The story of the year that changed Hollywood forever

With the writers’ strike ending, apparently we will have a regular, interminable, star-glutted, network-televised Oscar night after all. But as potentially “classic” as the crop of good movies is, consider the five films up for Best Picture at the Academy Awards exactly 40 years ago: Guess Who’s Coming to Dinner, The Graduate, In the Heat of the Night, Bonnie and Clyde, and Doctor Doolittle. In his incredibly well informed and entertaining book Pictures at a Revolution: Five Movies and the Birth of the New Hollywood (available 2/18), author Mark Harris argues convincingly that these five films represent the shift from Old Hollywood (big-budget studio song-and-dance extravaganzas) to New Hollywood (French New Wave–inspired auteurism).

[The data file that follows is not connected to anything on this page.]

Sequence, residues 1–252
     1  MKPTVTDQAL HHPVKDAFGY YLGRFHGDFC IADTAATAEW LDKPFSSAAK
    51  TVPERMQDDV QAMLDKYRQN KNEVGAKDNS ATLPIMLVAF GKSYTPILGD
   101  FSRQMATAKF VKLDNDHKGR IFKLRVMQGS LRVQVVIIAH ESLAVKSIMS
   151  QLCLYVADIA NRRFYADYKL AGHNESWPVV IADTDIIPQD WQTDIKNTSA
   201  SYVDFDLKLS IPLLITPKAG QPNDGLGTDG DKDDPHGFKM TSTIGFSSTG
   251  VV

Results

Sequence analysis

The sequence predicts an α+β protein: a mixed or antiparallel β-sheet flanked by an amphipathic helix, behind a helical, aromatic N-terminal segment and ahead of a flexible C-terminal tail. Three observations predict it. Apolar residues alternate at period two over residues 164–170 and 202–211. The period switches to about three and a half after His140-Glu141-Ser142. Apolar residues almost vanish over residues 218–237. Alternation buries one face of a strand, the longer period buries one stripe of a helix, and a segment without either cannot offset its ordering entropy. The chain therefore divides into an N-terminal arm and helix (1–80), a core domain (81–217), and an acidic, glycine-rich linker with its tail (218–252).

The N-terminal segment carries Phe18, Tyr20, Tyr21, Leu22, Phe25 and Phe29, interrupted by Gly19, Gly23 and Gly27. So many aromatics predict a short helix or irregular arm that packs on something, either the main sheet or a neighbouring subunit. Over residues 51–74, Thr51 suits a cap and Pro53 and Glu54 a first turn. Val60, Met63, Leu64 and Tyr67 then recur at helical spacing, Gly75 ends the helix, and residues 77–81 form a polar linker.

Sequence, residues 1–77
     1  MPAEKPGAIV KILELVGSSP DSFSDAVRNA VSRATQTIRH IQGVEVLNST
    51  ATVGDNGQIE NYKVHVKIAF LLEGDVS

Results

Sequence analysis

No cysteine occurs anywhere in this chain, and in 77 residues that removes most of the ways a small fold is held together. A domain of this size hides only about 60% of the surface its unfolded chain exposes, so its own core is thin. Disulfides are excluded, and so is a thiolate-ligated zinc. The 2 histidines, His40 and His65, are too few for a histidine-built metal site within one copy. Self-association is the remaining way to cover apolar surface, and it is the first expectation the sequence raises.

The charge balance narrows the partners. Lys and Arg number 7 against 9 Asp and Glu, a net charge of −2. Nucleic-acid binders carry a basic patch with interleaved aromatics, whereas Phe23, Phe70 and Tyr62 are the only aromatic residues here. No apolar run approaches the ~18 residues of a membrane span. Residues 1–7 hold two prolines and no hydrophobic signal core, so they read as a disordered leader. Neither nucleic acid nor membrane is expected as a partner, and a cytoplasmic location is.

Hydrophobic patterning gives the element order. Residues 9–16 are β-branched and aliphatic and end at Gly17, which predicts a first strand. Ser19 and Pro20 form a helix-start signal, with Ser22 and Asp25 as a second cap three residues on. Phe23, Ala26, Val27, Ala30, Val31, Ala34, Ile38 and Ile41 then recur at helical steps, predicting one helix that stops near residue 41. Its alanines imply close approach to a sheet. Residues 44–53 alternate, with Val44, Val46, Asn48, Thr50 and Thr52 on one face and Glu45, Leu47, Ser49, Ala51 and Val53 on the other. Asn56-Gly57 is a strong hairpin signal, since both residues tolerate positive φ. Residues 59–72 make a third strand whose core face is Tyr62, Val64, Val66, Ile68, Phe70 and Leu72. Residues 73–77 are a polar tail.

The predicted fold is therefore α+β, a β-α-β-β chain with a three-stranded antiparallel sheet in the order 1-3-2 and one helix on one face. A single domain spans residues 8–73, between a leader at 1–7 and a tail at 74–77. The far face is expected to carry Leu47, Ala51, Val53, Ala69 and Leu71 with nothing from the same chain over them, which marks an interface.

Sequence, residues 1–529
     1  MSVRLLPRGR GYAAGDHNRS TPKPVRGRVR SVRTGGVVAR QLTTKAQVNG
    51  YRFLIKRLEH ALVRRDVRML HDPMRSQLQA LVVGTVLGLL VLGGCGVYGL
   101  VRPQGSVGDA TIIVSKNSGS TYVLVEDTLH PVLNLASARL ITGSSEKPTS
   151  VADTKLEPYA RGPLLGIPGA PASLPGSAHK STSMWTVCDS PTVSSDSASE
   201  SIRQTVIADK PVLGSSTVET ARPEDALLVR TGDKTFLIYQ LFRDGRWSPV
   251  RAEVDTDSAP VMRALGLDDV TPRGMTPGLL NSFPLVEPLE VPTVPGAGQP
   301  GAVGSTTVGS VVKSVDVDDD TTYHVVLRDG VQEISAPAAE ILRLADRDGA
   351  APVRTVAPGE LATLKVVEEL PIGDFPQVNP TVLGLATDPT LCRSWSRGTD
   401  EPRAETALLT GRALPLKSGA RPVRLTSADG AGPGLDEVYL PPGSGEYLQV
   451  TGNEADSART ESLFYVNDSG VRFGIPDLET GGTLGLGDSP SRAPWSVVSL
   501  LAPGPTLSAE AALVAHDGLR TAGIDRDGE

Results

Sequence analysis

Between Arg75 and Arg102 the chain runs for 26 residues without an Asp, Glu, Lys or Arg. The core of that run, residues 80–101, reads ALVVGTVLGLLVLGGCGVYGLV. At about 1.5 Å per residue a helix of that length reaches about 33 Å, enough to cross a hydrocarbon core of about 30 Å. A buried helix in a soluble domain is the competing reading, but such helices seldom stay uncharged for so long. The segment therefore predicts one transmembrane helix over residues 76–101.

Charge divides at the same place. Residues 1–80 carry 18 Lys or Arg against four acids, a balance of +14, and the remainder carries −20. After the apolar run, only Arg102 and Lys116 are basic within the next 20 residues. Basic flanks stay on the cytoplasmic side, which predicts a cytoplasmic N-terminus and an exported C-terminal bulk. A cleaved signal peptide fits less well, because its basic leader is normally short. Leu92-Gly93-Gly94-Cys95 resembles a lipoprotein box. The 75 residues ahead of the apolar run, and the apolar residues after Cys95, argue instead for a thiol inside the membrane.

Harris, an editor at Entertainment Weekly (and husband of Tony Kushner), tracks the progress of each movie from inception to the eventual Oscar night with juicy detail and fresh interviews with many of the actors, directors, screenwriters, and producers involved. Through these mini-portraits of key players (Hoffman, Beatty, Hepburn and Tracy) and pivotal films, Harris provides an engaging and rich narrative of an extraordinary moment in Hollywood and — it was the spring of 1968 — the world.

BUY Pictures at a Revolution: Five Movies and the Birth of the New Hollywood (Penguin Press HC; hardcover; 496 pages)

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